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Mental Illness

14th July 2009 by Carol Posted in Uncategorized

Among the many challenges for people with mental illness is the stigma the American Dream society places on people who have mental illnesses. While attitudes have changed somewhat towards this type of illness in the past generation, at the root is a feeling that somewhere someone messed up and the mental illness is a result of that mistake or series of mistakes. This attitude makes it difficult for people to discuss or plan for coping with mental illnesses because they fear appearing wrong, weak, sinful, bad, or less than normal.

Another challenge is that mental illnesses can affect a person’s perception so much that the person does not realize what is happening. Or, the illness can come along slow enough that the person habituates to it and fails to recognize it until it is extreme. Mental illnesses that alter perceptions such as schizophrenia and paranoia are difficult to address because to the person that has one of these problems, the voices or other experiences are real, even if those voices are not real to anyone else. Mood disorders such as depression can curb a person’s life slowly and gradually but eventually to an extreme level without the person being aware of the process.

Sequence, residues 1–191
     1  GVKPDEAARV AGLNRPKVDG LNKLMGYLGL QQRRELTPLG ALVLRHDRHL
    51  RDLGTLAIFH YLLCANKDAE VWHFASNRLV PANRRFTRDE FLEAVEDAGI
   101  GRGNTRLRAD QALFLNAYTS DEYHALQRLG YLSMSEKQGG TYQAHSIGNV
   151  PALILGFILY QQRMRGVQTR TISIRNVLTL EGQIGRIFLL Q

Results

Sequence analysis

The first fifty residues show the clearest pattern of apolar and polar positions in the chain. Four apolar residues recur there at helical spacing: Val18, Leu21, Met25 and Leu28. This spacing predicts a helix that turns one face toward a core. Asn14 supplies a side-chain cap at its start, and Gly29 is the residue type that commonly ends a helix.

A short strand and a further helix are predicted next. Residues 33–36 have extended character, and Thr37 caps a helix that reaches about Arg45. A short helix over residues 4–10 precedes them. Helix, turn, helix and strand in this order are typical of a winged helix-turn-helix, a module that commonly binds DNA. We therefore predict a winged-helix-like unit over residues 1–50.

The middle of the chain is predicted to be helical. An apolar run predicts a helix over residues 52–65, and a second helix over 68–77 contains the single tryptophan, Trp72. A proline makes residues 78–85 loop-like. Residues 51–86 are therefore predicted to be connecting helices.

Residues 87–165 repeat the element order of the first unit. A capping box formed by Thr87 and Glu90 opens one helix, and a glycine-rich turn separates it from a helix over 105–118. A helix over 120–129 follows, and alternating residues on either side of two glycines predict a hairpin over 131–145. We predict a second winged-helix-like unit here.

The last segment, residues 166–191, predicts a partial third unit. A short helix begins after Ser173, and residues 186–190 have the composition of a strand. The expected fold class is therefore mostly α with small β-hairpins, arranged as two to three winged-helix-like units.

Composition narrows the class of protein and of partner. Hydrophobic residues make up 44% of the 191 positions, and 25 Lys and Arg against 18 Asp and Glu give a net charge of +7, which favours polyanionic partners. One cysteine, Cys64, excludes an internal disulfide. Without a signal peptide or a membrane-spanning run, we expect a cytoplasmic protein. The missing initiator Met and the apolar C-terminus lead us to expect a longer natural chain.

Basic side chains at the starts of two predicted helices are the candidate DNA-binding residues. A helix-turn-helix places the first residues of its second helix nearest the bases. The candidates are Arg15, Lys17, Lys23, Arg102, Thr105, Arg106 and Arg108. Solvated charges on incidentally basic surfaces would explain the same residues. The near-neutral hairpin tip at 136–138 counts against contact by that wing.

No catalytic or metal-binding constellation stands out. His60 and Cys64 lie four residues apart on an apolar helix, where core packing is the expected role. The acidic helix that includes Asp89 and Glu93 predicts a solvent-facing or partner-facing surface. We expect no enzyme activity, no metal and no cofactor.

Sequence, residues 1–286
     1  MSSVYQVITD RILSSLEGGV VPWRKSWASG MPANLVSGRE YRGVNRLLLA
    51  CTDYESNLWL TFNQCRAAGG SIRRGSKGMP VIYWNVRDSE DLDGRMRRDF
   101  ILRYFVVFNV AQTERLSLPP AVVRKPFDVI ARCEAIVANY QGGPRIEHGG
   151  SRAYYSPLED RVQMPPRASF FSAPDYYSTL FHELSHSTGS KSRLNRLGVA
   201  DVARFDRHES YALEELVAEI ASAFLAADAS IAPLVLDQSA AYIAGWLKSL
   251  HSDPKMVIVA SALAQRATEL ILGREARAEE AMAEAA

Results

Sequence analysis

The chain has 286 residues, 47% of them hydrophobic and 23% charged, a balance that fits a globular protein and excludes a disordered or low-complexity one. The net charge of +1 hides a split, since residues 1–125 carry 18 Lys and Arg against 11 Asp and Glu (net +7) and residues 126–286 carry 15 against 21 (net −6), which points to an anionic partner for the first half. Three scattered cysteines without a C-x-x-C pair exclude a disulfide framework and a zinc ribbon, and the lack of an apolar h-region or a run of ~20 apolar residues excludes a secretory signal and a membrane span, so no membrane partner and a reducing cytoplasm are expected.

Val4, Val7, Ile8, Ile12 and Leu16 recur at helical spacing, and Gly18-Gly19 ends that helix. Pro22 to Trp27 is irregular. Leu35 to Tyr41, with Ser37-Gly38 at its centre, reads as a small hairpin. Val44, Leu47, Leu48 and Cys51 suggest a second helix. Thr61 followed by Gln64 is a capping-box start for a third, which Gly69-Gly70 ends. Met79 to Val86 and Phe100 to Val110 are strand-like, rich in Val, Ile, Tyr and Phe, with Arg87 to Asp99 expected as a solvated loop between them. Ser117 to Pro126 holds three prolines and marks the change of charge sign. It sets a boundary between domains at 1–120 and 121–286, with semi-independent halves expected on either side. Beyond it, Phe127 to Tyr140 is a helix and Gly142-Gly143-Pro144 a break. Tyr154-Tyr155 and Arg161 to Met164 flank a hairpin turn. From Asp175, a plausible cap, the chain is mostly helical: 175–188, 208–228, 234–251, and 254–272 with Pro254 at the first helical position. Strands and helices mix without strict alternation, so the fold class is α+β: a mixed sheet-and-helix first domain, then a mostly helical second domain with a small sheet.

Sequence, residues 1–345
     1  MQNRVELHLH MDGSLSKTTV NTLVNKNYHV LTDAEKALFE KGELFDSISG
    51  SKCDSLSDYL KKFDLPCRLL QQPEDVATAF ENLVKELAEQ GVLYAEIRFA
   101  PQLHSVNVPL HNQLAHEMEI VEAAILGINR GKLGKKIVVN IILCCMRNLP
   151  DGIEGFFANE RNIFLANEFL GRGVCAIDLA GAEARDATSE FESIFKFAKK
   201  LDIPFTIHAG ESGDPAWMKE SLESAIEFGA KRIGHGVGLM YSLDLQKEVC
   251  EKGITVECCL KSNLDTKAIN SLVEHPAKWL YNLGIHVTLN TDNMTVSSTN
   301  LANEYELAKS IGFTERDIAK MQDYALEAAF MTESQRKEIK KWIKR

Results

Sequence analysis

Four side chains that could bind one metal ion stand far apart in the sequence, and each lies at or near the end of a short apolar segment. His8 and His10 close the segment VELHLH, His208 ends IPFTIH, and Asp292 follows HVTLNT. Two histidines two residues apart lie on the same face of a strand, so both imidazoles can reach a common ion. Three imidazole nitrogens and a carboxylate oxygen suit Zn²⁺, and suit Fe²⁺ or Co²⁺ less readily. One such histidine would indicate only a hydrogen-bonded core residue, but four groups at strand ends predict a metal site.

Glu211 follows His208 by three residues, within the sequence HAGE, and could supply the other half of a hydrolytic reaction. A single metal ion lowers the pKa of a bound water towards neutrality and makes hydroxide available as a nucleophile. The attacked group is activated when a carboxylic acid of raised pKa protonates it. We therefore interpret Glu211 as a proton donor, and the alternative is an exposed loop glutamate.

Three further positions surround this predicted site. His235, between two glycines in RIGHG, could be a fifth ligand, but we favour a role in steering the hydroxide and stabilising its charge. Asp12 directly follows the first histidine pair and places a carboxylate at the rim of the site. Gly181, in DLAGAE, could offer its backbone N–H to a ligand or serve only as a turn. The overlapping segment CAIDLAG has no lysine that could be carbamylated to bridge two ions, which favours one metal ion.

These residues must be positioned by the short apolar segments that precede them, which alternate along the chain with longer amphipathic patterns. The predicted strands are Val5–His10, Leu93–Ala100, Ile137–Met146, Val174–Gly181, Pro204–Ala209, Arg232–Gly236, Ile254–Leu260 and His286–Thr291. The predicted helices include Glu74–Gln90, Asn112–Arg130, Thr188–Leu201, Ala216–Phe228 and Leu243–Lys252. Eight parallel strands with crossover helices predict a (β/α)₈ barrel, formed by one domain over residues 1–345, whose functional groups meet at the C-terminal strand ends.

Put the stigma and the perceptual issues together and the problem of denial becomes life threatening in many ways. It can be life threatening if the disorder leads to violence towards oneself or others but also it is life threatening in terms of the quality of life for the person who is dysfunctional due to mental illness.

The history of the treatment of mental illness is grim however recent years have seen the development of more effective treatments particularly in relation to our newer understandings of the chemicals in the brain and their functions. With proper, caring treatment, a person with a mental illness can hold a job and be a part of healthy relationships with other people.

With treatment, mental illness has the same status as any physical chronic disease. It is something to deal with on a daily basis and something to focus on as necessary, but it is not something that ruins the life of the patient or his or her family.

When a person with a suspected mental illness has a glimmering of an idea that something is wrong, that person needs a lot of support and caring through the diagnostic process and the time it takes for treatments to become effective. The person also needs long term support and encouragement to participate in treatment. Judgment does not work in this case, but caring can work miracles.

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